Settling on a design for a system of any sort involves finding a workable compromise among functionality, feasibility, and finance. Does it do enough of what the sponsor wants? Can it be implemented using understood and practical techniques? Is the projected cost reasonable when set against the anticipated revenue or savings?
In the case of security projects, functionality is generally stated in terms of immunity or resistance to attacks that seek to exploit known vulnerabilities. The first step in deciding whether to fund a security project is to assess whether its benefits outweigh the costs. This is easy to state but hard to achieve.
What are the benefits? Some set of exploits will be thwarted. But how likely would they be to occur if we did nothing? And how likely will they be to occur if we implement the proposed remedy? What is the cost incurred per incident to repair the damage if we do nothing? Armed with the answers to these often unanswerable questions, we can get some sort of quantitative handle on the benefits of implementation in dollars-and-cents terms.
What are the costs? Specification, design, implementation, deployment, and operation of the solution represent the most visible costs. What about the efficiency penalty that stems from the increased operational complexity the solution imposes? This represents an opportunity cost in production that you might have achieved if you hadn’t implemented the solution.
In the current world of security practice, it’s far too common, when faced with vast unknowns about benefits, to fall back on one of two strategies: either spend extravagantly to protect against all possible threats or ignore threats too expensive to fix. Protection against all possible threats is an appropriate goal when securing nuclear weapons or similar assets for which failure is unacceptable, but for most other situations, a more pragmatic approach is indicated.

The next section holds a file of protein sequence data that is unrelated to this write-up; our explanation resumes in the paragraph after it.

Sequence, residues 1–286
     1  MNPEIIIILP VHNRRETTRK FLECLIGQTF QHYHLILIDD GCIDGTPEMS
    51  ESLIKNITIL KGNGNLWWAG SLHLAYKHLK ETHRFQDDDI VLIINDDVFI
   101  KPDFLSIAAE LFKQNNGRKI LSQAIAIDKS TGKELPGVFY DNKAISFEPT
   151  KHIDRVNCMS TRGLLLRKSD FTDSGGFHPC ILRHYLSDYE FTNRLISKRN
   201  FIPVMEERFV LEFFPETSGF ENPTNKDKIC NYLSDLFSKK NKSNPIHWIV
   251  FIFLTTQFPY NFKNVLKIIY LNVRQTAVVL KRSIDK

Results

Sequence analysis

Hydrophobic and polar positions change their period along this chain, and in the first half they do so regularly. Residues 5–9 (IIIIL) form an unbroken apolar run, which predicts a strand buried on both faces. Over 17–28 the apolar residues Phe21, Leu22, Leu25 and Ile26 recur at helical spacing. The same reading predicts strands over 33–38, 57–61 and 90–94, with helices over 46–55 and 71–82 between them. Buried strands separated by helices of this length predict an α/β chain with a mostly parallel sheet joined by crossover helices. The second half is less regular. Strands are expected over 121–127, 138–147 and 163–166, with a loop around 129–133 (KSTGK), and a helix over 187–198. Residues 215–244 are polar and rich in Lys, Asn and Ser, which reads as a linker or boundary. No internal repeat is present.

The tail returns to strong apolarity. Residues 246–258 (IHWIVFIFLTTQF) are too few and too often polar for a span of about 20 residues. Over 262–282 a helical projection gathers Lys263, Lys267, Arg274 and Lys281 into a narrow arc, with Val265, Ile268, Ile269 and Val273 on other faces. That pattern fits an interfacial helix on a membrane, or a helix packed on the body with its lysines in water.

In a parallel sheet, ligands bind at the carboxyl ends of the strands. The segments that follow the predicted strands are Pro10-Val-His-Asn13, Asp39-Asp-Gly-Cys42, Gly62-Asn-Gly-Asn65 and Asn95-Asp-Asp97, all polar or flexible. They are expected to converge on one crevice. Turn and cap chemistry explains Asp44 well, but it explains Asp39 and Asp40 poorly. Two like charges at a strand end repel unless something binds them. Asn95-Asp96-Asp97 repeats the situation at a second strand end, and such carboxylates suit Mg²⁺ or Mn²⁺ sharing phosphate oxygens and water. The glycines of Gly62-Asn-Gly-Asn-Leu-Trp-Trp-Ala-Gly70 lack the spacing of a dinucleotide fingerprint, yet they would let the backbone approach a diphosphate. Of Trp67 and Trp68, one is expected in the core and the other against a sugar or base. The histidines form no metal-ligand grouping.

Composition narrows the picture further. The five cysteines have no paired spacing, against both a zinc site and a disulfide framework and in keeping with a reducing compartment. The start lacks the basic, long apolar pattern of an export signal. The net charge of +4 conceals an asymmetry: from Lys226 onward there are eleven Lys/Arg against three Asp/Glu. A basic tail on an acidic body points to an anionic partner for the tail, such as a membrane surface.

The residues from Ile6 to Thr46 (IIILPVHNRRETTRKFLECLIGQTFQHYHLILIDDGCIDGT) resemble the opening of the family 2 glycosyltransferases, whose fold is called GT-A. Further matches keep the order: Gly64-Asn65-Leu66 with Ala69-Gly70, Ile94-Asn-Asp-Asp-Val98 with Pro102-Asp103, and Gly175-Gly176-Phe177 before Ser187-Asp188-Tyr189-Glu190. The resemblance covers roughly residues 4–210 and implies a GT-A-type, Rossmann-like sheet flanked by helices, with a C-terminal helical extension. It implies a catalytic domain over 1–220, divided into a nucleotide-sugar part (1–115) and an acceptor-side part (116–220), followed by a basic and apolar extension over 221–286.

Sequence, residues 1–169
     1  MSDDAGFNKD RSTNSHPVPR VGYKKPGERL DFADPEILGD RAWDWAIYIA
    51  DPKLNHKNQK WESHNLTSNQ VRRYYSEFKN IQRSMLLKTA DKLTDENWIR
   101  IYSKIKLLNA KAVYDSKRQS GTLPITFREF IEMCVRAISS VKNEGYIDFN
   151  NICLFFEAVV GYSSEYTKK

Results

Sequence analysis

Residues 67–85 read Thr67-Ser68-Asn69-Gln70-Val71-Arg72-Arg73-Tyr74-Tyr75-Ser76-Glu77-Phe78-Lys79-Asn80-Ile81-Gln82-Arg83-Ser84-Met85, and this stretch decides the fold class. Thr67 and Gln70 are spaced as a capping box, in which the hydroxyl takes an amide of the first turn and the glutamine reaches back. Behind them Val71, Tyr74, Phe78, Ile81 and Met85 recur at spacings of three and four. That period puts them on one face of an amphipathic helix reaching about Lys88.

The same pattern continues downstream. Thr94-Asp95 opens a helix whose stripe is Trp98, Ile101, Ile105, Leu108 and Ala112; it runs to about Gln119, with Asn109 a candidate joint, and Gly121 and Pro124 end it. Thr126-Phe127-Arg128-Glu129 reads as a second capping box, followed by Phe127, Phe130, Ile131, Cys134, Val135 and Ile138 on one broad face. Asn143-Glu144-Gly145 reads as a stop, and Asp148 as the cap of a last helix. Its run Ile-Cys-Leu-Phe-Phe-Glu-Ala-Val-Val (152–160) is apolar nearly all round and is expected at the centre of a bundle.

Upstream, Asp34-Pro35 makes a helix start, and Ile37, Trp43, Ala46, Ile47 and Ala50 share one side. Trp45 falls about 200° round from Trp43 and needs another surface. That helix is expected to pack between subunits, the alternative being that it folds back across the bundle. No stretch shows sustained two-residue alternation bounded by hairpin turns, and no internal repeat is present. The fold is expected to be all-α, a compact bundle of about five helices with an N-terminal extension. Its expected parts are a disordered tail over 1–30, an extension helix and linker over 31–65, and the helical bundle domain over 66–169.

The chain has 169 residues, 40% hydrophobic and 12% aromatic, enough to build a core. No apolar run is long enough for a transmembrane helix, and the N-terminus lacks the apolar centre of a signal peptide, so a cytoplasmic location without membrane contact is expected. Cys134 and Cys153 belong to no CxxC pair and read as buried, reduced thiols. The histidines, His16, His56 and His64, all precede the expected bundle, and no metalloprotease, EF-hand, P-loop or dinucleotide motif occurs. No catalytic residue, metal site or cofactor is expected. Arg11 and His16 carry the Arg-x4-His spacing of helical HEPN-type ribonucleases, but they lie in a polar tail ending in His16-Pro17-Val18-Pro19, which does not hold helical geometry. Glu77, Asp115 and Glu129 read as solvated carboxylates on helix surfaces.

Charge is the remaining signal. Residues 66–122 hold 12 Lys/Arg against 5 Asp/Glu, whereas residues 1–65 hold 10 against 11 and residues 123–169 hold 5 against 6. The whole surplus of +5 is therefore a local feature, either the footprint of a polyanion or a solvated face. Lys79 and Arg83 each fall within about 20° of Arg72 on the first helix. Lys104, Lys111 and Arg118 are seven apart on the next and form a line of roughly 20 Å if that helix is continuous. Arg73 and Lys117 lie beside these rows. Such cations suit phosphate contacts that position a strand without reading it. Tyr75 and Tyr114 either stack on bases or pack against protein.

Unfortunately, as an industry, we’re afflicted with a near complete lack of quantitative information about risks. Most of the entities that experience attacks and deal with the resultant losses are commercial enterprises concerned with maintaining their reputation for care and caution. This leads them to the observation that disclosing factual data can assist their attackers and provoke anxiety in their clients. The lack of data-sharing arrangements has resulted in a near-complete absence of incident documentation standards; as such, even if organizations want to compare notes, they face a painful exercise in converting apples to oranges.
If our commercial entities have failed, is there a role for foundations or governments to act? Can we parse the problem into smaller pieces, solve them separately, and make progress that way? Other fields, notably medicine and public health, have addressed this issue more successfully than we have. What can we learn from their experiences? Doctors almost everywhere in the world are required to report the incidence of certain diseases and have been for many years. California’s SB 1386, which requires disclosure of computer security breaches, is a fascinating first step, but it’s just that—a first step. Has anyone looked closely at the public health incidence reporting standards and attempted to map them to the computer security domain? The US Federal Communications Commission (FCC) implemented telephone outage reporting requirements in 1991 after serious incidents and in 2004 increased their scope to include all the communications platforms it regulates. What did it learn from those efforts, and how can we apply them to our field?
The US Census Bureau, because it’s required to share much of the data that it gathers, has developed a relatively mature practice in anonymizing data. What can we learn from the Census Bureau that we can apply to security incident data sharing? Who is working on this? Is there adequate funding?
These are all encouraging steps, but they’re long in coming and limited in scope. Figuring out how to gather and share data might not be as glamorous as cracking a tough cipher or thwarting an exploit, but it does have great leverage.